Their tour begins in a room called "Cultural and Historical Perspectives," which gives a 10,000-meter view of the diversity of African cultures and the history of African art. Upon entering the space, visitors come face to face with one of the oldest sculptures in the collection, a terracotta statue of a male with plump facial features, almond eyes, and high, arced eyebrows. The statue, which may date anywhere from 500 BC to 200 AD, is from a 100 km-by-300 km archeological site in Northern Nigeria that has turned up several similar pieces, all of unknown use and origin. But what excites experts, says Quarcoopome, is that they may have been made by different groups of people, all of which used the same approach to representing the human face. This would indicate that different African communities shared at an early date the same "aesthetic ideology," much as artists in the West have at different times been swept up in impressionism, regionalism, and other artistic schools of thought.

Next up, a 19th century saddle from the Tuareg culture creates an organizational "bridge" between Northern and Sub-Saharan Africa, simultaneously introducing the visitor to the subjects of Islam and the Gold Trade (implements of which are displayed nearby). The viewer then moves to works that testify to the cultural interplay between Europe and Africa that enriched both continents for centuries before the advent of colonialism in the late 1800s. These include an African chair atop striding lions with curled tails (a common symbol in European heraldry), a statue of an African male dressed in a loincloth and European waistcoat, and an ivory knife case from the Kongo culture (in modern-day Democratic Republic of Congo) that was commissioned by a wealthy Portuguese. (Those who enjoy these pieces can look forward to 2010, when the DIA explores the relationship of parity between Europe and Africa in a special exhibit entitled: "Through African Eyes: The European in African Art, 1500 - Present.")

The next gallery, "Leadership and Status Symbols," deals with the relationship between politics and art, as well as how art projects an individual's social status. Visitors will learn the importance of brass, bronze, beads, ivory, coral, wood, and other materials in African culture, and see breathtaking examples of how they reflect power. Particularly noteworthy objects are an enormous serving bowl and a bas-relief palace door, both carved in the early 20th century by master woodworker Olówè of Isè, and a bronze "Horse and Rider" sculpture, which was created as an altarpiece and is the best preserved of just three in existence.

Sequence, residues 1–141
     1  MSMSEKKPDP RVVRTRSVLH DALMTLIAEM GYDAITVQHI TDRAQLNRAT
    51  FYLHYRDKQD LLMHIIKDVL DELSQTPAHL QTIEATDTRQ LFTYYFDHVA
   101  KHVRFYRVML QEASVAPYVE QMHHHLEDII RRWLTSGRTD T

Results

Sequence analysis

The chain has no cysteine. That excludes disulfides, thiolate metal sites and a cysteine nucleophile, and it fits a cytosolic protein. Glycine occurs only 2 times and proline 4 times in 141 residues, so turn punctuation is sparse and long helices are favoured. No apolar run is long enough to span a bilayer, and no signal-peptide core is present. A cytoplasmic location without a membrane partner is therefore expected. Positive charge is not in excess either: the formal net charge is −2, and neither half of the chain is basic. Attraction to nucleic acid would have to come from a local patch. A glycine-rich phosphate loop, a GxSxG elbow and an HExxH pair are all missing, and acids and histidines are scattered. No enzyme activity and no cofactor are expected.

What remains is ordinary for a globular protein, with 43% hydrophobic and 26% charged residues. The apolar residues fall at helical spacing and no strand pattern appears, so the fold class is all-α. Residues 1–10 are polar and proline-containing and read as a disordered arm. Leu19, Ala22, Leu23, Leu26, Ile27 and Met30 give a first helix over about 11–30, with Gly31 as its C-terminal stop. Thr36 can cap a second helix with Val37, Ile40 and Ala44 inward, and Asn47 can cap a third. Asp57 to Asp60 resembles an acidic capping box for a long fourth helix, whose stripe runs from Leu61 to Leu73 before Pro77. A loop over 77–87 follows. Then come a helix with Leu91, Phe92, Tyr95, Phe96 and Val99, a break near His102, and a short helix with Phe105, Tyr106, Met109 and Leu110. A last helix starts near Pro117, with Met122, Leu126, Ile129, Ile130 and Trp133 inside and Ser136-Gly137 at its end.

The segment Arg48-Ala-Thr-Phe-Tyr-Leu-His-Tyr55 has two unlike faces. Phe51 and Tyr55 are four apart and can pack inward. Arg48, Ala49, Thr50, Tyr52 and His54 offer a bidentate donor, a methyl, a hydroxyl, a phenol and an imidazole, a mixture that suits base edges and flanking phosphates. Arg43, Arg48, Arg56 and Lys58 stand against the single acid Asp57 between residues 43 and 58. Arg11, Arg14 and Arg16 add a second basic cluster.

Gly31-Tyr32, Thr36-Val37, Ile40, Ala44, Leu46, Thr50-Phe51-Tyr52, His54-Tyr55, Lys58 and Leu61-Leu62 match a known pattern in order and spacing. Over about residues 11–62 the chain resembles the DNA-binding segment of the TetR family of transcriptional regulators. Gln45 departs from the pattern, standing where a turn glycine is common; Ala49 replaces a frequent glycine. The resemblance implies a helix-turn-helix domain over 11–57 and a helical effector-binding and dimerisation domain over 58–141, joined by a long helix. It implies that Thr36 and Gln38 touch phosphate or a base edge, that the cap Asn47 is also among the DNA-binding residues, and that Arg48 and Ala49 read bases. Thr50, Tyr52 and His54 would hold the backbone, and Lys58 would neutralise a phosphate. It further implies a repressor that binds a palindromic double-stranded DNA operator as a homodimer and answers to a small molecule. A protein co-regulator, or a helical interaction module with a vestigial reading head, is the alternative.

Closer to Home: Native American Art

The DIA's new thematic organization of art is particularly striking in the museum's Native American galleries, which arguably boasts the best collections of Great Lakes and Plains Indians art and artifacts of any large, encyclopedic art museum in the United States. Visitors' instruction in Native American culture includes a section on clothing as art and identity, which is particularly interesting in that it explores how Indian American garb grew bolder as tribes grew more fragmented and oppressed in the Manifest Destiny delirium of mid-18th century. While the trend may seem counterintuitive, Native American curator David Penney explains that the adoption of dramatic clothing constituted "a strategy for cultural assertiveness" for American Indians, who had control over little more than their clothing and rituals as they were pushed westward in the wake of the Indian Removal Act of 1830.

Visitors can also check out a gallery on "transforming traditions," which shows how Native Americans have passed on skills from generation to generation. Penney says the DIA was careful to put an emphasis on the work of present day Native Americans, who repeatedly asserted their relevance as the DIA conducted research on reorganization.

"We spoke with many Native Americans who said to us, 'Don't put us in the past. We're part of the fabric of America right now,'" Penney says. Viewers will see a number of objects demonstrating the preservation of craft construction in Indian cultures. Hung side by side in one room, for example, are a 20th century Navajo carpet and a Navajo blanket from 1850, both demonstrating the same weaving techniques. (By the way, fans of Antiques Roadshow will recognize the blanket from the 2002 season, when at $500,000 it became the highest appraised item in the show's history.)

Lucy Ament is a local freelance writer and contributor to Model D.


The Grand Tour of Italy

Chief Curator George Keyes

European Galleries

African Galleries

Nii Quarcoopome, Curator of African Art

Native American Galleries

David Penny, Curator of Native American Art

All Photographs Copyright Dave Krieger